“Everything Speaks Twice,” the first show at Vacancy, includes work by four artists, including Tanya Brodsky, whose sculptures have a sense of humor, and painter-sculptor Trina Turturici. The four initially got together for dinner with the space’s co-founders and their exhibition developed from there. The press release is written in the voice of someone who works at a fancy hotel: “The guests come in. . . . The lobby and the objects in it speak to them, direct them, transform them . . . .”

Sincerely Yours | Manifest American Mythic

Torrance Art Museum

January 17 through March 7, 2015

Max Presneill curated a show of New(isn) Romantic painters, "Sincerely Yours," and it includes artists who host "belief in the act of painting." A number, like Jessica Williams and Sarah Dougherty, tell stories in their work. In the second gallery, a smaller group show looks at connections between contemporary art and the old West.

Jory Rabinovitz: EBB

Martos Gallery

January 30 through March 14, 2015

Jory Rabinovitz, who often makes wonky columns, has an exhibition and a tragicomedy opening this weekend. Hopefully, the exhibition will be tragic and comic, too.

Lakwena Maciver: I Remember Paradise

Papillion

January 17 through March 15, 2015

London-based Lakwena Maciver borrows from the history of sign painting and graphic design to make her work, which she sometimes shows on streets in the form of signs or murals. She'll be in a gallery this time, exhibiting "sculpture paintings" inspired by a trip to Uganda and exploring the idea of artist as a kind of "mythologist."

Mark Steven Greenfield: Lookin’ Back in Front of Me

California African American Museum (CAAM)

September 25, 2014 through April 5, 2015

Mark Steven Greenfield has been working in Greater L.A., both on fringes and in centers, for years. A lot of the work in this survey deals with history, like 19th century minstrel shows, as well as cosmology, genealogy and specific L.A. neighborhoods. He's also been known to toy with African American stereotypes.

Eduardo Consuegra: Lifetime Guarantee

Commonwealth & Council

January 10 through April 18, 2015

Artist Eduardo Consuegra is embedding three collages of magazine ads for technical equipment in acoustic foam and suspending them above Commonwealth & Council's back stairway. He will also install "an impenetrable wall" of nickel-plated, steel beads against the stairwell.

Recents Posts

Museum As Retail Space [via marsgallery.net]

Show Me the Money! Museum As Retail Space to Open in DTLA

  Further evidence that the lines between the commercial and the curatorial continue to blur, a new gallery, Museum as Retail Space (MaRS), is set to open next month in Downtown Los Angeles. The connection between money and museums is nothing new, with collectors donating work and money to institutions and having wings named in […]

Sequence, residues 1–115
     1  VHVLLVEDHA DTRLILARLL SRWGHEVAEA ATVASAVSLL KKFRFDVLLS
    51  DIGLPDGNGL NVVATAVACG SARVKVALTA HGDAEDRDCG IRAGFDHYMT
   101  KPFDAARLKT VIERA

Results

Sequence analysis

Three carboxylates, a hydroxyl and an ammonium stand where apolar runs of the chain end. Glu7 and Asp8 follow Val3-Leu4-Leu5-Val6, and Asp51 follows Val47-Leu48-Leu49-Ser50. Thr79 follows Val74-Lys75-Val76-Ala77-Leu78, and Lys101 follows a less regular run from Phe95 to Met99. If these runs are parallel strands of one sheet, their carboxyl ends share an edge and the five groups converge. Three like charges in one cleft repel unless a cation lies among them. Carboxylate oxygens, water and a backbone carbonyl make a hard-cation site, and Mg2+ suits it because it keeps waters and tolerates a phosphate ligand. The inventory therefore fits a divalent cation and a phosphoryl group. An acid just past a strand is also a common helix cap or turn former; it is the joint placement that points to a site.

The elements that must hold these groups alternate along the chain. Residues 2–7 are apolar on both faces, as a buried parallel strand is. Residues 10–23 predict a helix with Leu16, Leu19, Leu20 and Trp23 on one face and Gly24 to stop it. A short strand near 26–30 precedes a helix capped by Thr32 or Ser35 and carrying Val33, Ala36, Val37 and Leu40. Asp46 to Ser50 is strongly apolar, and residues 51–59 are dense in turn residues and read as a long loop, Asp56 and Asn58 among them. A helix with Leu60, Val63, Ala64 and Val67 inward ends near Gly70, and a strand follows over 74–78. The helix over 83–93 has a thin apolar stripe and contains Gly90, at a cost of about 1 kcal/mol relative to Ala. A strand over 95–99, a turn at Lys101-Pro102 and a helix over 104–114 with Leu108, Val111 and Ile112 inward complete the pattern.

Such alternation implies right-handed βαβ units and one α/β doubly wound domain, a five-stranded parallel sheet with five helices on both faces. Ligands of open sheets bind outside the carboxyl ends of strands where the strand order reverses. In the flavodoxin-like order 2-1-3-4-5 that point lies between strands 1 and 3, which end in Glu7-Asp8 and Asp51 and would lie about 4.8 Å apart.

June Harwood, Colorform (Orange, Green, Violet), 1965, acrylic on canvas, 36 x 36 inches (via louissternfinearts.com)

Hard Edge Painter June Harwood Dies at 81

Abstract painter June Harwood, whose crisp, geometric compositions made her a key member of the West Coast “Hard Edge” movement, passed away earlier this month at her Studio City home at the age of 81. Her death was confirmed in an email from her gallery, Louis Stern Fine Arts, where an already-planned exhibition of her […]

Your art here. [via autry.org]

The Autry Invites Submissions for Public Art Project

  Nestled into a corner of Griffith Park, The Autry National Center of the American West keeps a low profile compared to flashier LA museums like LACMA, MOCA, and the forthcoming Broad. More than just cowboy culture, however, their singular commitment to art and artifacts of the West ranges from exhibitions like “California’s Designing Women,” […]

Rendering of Tornado Shelves [courtesy of wHY]

LACMA’s Bookstore Plans a Series of Radical Makeovers in 2015

  LACMA made headlines this past summer when it released updated plans of its proposed $650 million re-design by Peter Zumthor, but it will be years before the project is completed – provided the they are even able to raise that staggering sum. For those who crave immediate architectural gratification, however, a series of more […]